The OKFestival in Berlin raised a series of important points:
- The transition from building apps to building ecosystems
- Creative Commons Licensing
- Open for whom?
- Building open networks
- What happens after the party?
(This was my second Open Knowledge event as I attended OKCon in Geneva last year.)
This year the Festival brought together over 1,000 advocates, activists and citizens from more than 60 countries. Participants were encouraged to work together to build tools and partnerships that will harness the power of openness as a positive force for change.
It is exciting to witness how the Open Knowledge movement is maturing -we are becoming more pragmatic through experience and practice.
As a group, we have come to realise that to make progress we need to evolve from holding sporadic events and building killer apps …. to focusing on the bigger picture, creating open alliances and developing a self-sustaining ecosystem for open data to make difference in the lives of real people.
Becoming Data Literate
The Open Knowledge foundation has often referred to open data as the public library of the 21st century. We need this library to help people become data literate, and likewise need to help people become digitally literate to use this library. We need to help people to develop digital skills which are essential for the 21st century through a parallel process of open education. It’s clear that as citizens in a rapidly evolving and increasingly data driven society, we lack access to the skills, tools, time and the energy to make the most of increasingly available data.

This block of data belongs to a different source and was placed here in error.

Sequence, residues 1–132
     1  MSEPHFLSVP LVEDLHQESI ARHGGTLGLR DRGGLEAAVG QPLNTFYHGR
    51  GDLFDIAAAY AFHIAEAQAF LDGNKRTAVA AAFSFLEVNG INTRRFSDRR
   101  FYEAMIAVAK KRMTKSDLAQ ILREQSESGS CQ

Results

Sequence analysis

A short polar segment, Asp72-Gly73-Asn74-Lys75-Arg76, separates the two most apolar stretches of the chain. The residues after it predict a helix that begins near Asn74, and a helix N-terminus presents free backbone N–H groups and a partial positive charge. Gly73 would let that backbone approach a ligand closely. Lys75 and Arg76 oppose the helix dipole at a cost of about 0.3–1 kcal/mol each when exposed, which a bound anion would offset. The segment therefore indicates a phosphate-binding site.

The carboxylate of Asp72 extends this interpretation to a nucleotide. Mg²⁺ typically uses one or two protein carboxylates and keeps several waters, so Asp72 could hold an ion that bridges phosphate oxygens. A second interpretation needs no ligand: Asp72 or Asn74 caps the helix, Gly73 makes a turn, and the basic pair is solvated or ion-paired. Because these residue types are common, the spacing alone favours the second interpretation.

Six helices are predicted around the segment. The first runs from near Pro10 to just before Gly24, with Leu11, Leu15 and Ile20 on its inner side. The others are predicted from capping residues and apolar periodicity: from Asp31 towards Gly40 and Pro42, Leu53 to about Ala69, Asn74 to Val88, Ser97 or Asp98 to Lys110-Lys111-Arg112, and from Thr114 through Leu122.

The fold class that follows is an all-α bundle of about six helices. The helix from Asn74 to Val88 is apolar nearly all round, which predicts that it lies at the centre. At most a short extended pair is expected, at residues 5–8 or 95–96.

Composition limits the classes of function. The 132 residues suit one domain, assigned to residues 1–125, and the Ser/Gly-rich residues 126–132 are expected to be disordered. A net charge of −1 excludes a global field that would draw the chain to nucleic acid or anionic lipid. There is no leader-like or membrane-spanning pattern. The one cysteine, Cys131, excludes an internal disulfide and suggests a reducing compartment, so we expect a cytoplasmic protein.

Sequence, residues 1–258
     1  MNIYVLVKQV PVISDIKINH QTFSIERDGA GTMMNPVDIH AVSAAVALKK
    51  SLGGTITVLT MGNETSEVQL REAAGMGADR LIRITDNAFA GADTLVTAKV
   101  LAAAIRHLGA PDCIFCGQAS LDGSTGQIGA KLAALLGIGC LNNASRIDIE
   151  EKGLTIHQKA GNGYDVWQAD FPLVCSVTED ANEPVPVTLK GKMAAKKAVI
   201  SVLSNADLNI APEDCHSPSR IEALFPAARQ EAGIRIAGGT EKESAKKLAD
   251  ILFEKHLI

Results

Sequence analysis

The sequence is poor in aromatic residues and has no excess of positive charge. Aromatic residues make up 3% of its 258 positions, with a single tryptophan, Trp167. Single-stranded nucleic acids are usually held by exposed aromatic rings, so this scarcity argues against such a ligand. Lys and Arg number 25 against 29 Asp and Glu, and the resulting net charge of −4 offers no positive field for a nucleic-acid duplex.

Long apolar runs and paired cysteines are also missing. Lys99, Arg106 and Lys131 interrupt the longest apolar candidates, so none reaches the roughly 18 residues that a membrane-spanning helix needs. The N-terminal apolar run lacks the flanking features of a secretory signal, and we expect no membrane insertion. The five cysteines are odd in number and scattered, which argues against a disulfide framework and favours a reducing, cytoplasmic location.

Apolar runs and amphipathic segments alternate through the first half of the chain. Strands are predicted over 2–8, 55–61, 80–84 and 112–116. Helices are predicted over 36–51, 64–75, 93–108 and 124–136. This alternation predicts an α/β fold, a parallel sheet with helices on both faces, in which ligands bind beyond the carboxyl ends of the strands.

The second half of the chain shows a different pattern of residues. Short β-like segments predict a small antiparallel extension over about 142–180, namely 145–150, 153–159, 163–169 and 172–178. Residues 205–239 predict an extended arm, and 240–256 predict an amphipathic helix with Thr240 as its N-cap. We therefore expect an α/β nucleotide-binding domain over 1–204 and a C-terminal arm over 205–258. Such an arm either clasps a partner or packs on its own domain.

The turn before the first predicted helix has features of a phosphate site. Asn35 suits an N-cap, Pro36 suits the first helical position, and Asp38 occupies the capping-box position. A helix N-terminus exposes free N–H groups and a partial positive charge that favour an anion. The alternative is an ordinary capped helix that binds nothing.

Open for Whom?
The conversation on surveillance which was initiated at the OGP meeting in London (Oct 2013) continued at OK Fest. This raised a crucial question for many participants: Open for whom? It’s clear that as private citizens we have very little privacy and that ‘public’ bodies and ‘public’ servants are not public. To have a chance to restore balance we need to equip ourselves with the skills and tools to protect ourselves and our private identity and to put in place checks and balances on information collected on us by governments and corporations.
As a particular tool, the web gives us a space; it allows us to express our concerns, desires, opinions and to make our voices heard. As a community, we need to learn how to better translate our online efforts into institutional change. We need to learn to lobby and we need to know how to negotiate. In many of our efforts,we are naive. To become active citizens, we need to learn from the past, participate in present developments and connect with other movements.
Building Open Coalitions
One of the more compelling realisations that emerged from the fruitful discussions in Berlin, was that not only do we need to find more effective ways of working together, we need to learn how to build open coalitions with groups and initiatives with similar goals.
The highlight of the festival was a keynote delivered by Vice-President of the European Commission and Commissioner for the Digital Agenda Neelie Kroes. She credited Open Knowledge catalysing the movement globally (video starts at 22min 35sec). Later that same day and in harmony with Commissioner Kroes’ message, the European Commission issued recommendations for encouraging public sector information re-use under Creative Common Licenses.
We need to build ecosystems (not apps)…. We need governments, funders, civil society and developers to work together. Although we do not always share the same agenda, we do share many values, goals and objectives – by identifying these and making them transparent we can find common ground for collective action.
And so…What happens after the party?
OKFest 2014 Storified: HERE